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In the “old” days, a thief would knock you down, grab your purse or wallet, and run for the hills. And it was not uncommon to later find the discarded purse or wallet with the victim's driver's license and personal documents intact because all thieves wanted was your cold hard cash.
But just as quickly as technology devised a way for you to limit how much cash you carry, thieves figured out a way to take it from you.
Thieves are still knocking people down and taking their wallets and purses. But now they are after far more than a few hundred dollars tucked away in your billfold. They want your credit cards, health insurance card, ATM card, driver's license, auto insurance card, and – the “grand prize” – your Social Security number.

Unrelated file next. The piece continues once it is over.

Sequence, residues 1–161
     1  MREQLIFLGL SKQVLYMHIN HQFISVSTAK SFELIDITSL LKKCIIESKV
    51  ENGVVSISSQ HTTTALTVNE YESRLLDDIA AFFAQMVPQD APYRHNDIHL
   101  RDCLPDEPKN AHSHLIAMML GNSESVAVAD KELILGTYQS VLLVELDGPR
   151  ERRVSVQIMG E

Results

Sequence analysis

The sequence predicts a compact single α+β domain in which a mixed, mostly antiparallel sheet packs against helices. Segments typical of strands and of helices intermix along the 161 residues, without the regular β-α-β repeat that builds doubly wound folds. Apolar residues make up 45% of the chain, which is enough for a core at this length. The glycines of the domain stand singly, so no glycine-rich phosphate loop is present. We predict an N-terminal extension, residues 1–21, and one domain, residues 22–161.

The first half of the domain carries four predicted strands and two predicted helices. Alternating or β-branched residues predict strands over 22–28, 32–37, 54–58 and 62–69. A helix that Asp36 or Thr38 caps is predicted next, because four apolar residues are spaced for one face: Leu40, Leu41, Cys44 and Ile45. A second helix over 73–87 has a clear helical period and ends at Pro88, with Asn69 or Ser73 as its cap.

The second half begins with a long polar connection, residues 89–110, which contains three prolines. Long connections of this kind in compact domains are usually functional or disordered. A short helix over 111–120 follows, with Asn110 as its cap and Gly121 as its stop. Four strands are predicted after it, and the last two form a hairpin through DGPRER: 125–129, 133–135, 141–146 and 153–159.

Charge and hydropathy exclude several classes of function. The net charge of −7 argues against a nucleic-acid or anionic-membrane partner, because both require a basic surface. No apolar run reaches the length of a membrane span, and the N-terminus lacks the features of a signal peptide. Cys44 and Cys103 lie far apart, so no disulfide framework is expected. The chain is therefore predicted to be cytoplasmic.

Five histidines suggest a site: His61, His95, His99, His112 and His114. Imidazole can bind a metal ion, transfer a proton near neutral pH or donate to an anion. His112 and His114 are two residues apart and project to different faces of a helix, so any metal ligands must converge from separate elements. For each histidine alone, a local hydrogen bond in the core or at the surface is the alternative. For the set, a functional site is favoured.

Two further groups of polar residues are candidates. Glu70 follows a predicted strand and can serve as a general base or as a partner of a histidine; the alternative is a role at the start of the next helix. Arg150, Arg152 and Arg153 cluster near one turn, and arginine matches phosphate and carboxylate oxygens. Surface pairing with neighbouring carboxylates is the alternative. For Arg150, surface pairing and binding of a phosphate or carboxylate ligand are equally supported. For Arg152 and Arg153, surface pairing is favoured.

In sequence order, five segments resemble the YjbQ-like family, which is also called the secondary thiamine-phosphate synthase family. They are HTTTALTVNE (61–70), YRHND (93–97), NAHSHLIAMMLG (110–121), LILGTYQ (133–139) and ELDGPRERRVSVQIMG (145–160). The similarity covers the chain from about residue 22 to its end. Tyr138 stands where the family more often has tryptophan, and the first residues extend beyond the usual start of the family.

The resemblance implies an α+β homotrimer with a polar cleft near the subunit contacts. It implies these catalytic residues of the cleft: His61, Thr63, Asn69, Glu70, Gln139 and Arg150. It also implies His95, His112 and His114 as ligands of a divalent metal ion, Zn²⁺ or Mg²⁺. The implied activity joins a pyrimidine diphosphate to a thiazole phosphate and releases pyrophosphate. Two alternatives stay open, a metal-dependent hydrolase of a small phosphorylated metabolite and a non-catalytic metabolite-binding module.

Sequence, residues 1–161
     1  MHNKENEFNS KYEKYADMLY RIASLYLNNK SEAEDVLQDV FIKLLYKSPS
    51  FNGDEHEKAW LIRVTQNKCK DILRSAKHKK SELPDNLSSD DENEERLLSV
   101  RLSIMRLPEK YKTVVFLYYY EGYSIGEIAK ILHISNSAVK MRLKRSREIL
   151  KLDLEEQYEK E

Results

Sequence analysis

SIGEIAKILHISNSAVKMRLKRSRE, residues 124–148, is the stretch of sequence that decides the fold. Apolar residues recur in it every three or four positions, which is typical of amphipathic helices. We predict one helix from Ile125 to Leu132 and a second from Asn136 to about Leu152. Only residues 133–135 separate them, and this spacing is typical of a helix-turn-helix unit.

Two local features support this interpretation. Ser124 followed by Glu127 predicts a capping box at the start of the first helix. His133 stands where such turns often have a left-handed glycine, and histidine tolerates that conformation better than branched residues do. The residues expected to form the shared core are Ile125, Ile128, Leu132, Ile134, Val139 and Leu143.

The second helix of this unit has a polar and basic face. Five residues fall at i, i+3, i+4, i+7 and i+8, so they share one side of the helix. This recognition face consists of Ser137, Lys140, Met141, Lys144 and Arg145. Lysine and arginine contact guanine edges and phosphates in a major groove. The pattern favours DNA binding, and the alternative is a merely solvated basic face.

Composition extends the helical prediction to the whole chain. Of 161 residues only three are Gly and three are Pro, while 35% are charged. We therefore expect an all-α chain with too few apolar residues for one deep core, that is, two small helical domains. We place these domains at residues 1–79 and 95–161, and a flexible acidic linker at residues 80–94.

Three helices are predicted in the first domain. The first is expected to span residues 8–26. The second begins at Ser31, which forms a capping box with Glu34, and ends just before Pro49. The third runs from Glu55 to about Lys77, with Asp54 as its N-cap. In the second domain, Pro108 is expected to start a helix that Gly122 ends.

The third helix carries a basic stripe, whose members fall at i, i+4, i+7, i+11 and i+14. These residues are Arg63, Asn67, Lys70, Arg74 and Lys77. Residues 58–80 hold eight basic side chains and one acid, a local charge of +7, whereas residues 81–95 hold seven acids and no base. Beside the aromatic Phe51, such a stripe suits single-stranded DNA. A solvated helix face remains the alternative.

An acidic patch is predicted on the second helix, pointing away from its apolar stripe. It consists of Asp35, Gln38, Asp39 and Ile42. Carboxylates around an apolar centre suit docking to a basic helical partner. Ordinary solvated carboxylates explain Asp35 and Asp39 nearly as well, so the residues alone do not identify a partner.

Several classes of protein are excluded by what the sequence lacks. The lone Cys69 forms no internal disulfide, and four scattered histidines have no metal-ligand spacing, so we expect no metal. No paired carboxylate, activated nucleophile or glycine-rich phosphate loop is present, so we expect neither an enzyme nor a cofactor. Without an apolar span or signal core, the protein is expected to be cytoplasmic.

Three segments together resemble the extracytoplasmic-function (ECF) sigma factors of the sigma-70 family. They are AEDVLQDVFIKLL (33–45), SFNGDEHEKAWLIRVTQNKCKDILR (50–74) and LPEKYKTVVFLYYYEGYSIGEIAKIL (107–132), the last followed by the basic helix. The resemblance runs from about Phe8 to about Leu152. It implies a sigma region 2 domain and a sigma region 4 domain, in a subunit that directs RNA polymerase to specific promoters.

Yet even if you are careful about what you carry with you, thieves come up with creative ways to pilfer your personal information. They'll steal your incoming and outgoing mail searching for documents that contain bank account information, new credit cards, and tax documents that display your Social Security number. They'll rummage through your trash looking for discarded documents containing sensitive information. They'll even break into your car and grab everything you keep in the glove compartment, hoping to find credit card receipts, old bills, and any number of personal documents.
Identity theft information is becoming easier to access and the more you learn about identity theft, the better prepared you can be to deter it from happening to you. A good place to start is the Federal Trade Commission and the Identity Theft Center.
|Jennifer Mathes, Ph.D.|